The variety of events

At this intersection of waterways, land routes and commercial channels, at this meeting place of different cultures and civilizations, of European-style and Oriental style trade, fairs have been organized since the 19th century. It was on this tradition of a market-centre that the Novi Sad Fair Company was founded and has been organizing fairs of European wide reputation throughout the years. The city life of Novi Sad would be lacking in events without cafes and parties, but also without some cultural traditions. The atmosphere of famed old coffeehouses is still felt in Novi Sad. However, modern ways of life have introduced new traditions. Novi Sad hosts the Theatre Festival Sterijino Pozorje, Zmaj Children’s Festival (Zmajeve decje igre), Poets’ Encounters Brankovo kolo, the Novi Sad Musical Festivities (NOMUS), Vojvodjanska tamburica, and, of recently, the international EXIT Festival on the Petrovaradin Fortress, as well as the Street Musicians’ Festival. The citizens of Novi Sad have been engaged in sports activities from the time their hometown was founded. The oldest popular sports are horse-riding, shooting and rowing. In modern times, the people of Novi Sad began practicing new, Olympic sport disciplines, and have won a large number of medals. The ”Novi Sad Marathon” is held every autumn, while late spring features the Fruska Gora Marathon on the right side of the Danube. The locals usually spend summertime on the bank of the Danube, particularly at them well-known beach called Strand.

The Fortress as a treasury

On the right bank of the Danube Petrovaradin is situated. This gem of Baroque architecture gee was a suburban settle mend to the Petrovaradin Fortress, from 1692 to 1780. The Fortress, constructed according to the fortification system established by Marshal Vauban, covers an area of 112 ha, with a number of bastions and military barracks. Today, it is under civil authorities and legal protection as cultural monument, with a hotel (”Leopold I”), restaurants and a terrace offering appealing views. There is also the Novi Sad City Museum whose guides can take you through the underground military structures. In the Fortress, there is also the Historical Archive of Novi Sad, one part of the Academy of Arts (University of Novi Sad), ”Atelje 61” Tapestry Workshop, and a number of art galleries, work shops and cafes. The famous Clock Tower dominates the Fortress, and today it is one of Novi Sad’s landmarks.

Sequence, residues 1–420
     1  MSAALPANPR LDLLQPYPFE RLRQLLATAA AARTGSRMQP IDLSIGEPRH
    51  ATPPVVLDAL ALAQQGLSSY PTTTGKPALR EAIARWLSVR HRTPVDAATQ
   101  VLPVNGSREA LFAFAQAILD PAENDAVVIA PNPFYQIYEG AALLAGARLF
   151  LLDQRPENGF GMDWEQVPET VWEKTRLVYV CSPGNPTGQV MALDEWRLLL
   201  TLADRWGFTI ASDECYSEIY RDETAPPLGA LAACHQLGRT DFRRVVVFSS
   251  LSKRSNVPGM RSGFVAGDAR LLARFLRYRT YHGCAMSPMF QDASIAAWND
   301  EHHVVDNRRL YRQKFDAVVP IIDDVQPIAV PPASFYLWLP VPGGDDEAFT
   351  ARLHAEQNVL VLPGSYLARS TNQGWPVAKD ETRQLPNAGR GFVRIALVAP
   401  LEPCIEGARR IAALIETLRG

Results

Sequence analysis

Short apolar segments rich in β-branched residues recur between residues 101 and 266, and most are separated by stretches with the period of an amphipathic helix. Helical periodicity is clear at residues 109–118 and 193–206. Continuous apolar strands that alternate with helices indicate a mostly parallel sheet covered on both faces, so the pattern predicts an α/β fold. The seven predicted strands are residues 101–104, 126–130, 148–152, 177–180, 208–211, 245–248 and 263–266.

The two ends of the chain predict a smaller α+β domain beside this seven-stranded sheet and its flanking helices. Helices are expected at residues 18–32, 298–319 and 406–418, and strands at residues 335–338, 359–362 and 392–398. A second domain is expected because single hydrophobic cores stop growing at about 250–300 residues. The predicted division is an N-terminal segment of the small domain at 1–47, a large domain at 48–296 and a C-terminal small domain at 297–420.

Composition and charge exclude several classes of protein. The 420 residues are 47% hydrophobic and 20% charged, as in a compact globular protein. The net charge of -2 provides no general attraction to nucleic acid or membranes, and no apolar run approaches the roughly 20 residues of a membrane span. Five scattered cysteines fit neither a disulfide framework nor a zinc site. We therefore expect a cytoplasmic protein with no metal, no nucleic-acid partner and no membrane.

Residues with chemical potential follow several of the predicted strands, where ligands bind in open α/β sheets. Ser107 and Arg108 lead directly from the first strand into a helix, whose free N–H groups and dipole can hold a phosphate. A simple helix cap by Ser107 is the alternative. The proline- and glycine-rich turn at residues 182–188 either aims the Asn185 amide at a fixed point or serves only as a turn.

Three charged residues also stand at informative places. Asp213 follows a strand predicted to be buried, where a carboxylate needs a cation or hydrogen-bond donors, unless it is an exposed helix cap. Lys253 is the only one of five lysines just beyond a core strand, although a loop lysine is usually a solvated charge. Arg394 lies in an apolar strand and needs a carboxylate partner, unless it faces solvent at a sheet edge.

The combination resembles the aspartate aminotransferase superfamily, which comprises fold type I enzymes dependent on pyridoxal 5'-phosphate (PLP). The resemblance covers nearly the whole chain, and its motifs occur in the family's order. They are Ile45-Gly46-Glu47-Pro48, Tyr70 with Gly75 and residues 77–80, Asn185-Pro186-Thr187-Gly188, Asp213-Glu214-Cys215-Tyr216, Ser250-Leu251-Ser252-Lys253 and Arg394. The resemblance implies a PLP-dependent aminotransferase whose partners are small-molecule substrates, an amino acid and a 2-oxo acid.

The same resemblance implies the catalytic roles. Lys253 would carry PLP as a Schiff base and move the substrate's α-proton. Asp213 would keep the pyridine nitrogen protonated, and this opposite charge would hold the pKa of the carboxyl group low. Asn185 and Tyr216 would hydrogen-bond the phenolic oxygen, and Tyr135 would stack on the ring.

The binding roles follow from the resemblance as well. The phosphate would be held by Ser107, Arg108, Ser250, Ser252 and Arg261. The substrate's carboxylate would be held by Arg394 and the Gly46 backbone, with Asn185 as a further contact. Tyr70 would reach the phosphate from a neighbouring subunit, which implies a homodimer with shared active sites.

Interesting environs

If you set out from the Petrovaradin Fortress to visit Mt. Fruska Gora, you will soon come to the town of Sremski Karlovci, old Serbian Orthodox spiritual center, with the oldest grammar school (f. 1791), and a theological seminary. Karlovci is also famed for its wine cellars. The green slopes of Mt. Fruska Gora are barely over 500 meters high and well known for their vineyards. The mountain is also referred to as ”the Holy Fruska Mountain”, due to the score of famous Serbian monasteries (Krusedol, Hopovo, Grgeteg...) that were built therein in the time of Serbian flight before Turkish terror. On the bank of the Danube opposite to Sremski Karlovci, there lies the famous village of Kovilj, with yet another renowned Serbian monastery. The Kovilj Marshland, rich in rare plants and a bird sanctuary, provides exquisite fishing and hunting grounds. There are also famed czárda-resta - urants where you can taste fish soups and paprikash, drink a cold Spritzer (wine and soda), and enjoy the music of a tamburitza band. If you choose to go along the Danube upstream, towards Futog and Begec, you will find some more fishing and hunting grounds there; farther on, Celarevo awaits you with a famous archeological site that yielded finds of Khazar culture, Dundjerski Villa and a major brewery. And so on. Novi Sad and its vicinity form an indivisible and authentic urban and rural entity, with about 400,000 inhabitants; those are hospitable people, eager to meet all the well-meaning travelers of whatever culture, language or smile.

Bogoljub Savin